Wednesday, 17 May 2017

Can male voice choirs survive?

Can the male voice choir survive? - read this telegraph article - it stresses the physical and mental health benefits of singing and social interaction, especially when choir members are working toward a common objective, such as a distinctive sound.

See also reasons for singing previously on this blog




This book came out in 2012 and has a chapter on UK male voice choirs, by Peter Davies. Here are some summaries from a survey of over 450 choirs.

(1) Four part harmony, usually not close, two and a half octaves centring on G below middle C. Piano or organ accompaniment and no choreography.

(2) 60% of choirs have a membership exceeding 40. Majority have an age range 56-85.

(3) Recruitment following natural events is biggest concern.

(4) Financed through membership and concert fees. Few have sponsorships or grants. Average fee for concerts £150. 3% charge over £400.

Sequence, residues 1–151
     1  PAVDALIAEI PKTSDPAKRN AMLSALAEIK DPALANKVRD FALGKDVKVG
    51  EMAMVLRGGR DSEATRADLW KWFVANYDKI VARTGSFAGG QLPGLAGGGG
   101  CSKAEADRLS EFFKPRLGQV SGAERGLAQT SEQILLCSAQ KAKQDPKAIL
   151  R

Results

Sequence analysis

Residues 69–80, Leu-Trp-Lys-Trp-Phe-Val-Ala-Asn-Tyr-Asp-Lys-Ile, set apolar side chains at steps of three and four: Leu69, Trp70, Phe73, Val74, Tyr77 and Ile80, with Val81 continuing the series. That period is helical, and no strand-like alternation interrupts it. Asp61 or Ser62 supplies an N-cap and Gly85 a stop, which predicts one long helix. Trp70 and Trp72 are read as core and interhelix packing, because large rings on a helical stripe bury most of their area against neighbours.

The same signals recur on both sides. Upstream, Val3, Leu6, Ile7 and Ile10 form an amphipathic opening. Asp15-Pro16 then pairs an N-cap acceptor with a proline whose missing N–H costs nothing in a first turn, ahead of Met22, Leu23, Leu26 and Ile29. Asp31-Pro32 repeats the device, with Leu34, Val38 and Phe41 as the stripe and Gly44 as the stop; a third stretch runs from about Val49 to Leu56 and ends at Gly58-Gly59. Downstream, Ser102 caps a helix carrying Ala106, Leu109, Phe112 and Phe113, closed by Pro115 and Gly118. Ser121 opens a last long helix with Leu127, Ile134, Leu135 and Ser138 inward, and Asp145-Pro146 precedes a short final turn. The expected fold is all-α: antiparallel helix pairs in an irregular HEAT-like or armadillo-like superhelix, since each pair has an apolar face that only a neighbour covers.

(5) Conservative music choices. Slow repertoire turnover, largely due to inability to read music. Welsh hymns, spirituals, post-war pop songs and songs from the shows.

(6) 25% have entered a contest within the last 12 months. Two thirds positive, one third neutral or negative. Main problem is grumpiness at not winning. Simply taking part or getting constructive suggestions for improvement are not valued.

(7) 50% perform once a month. Average audience 140.

Overall impression is gradual decline, despite recognised benefits. Some choirs amalgamate. 
Choral work is not particularly attractive to younger generations given everything on offer, and so natural events are not corrected for.
School choirs associated with arts, music centres and mentoring male voice choirs are on the increase.
More opportunities to train as singing and choral coaches are also increasing.

And the point? Singing in a male voice choir is great and a under threat, but given careful marketing (stressing the benefits) and resources, it can survive and thrive.


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